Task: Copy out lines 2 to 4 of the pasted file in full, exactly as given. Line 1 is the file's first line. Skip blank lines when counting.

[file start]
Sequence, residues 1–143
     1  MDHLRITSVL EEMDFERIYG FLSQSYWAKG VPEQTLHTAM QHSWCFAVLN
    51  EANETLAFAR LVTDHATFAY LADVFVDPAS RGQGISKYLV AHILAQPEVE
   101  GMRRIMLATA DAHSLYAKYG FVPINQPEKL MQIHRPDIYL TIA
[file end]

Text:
     1  MDHLRITSVL EEMDFERIYG FLSQSYWAKG VPEQTLHTAM QHSWCFAVLN
    51  EANETLAFAR LVTDHATFAY LADVFVDPAS RGQGISKYLV AHILAQPEVE
   101  GMRRIMLATA DAHSLYAKYG FVPINQPEKL MQIHRPDIYL TIA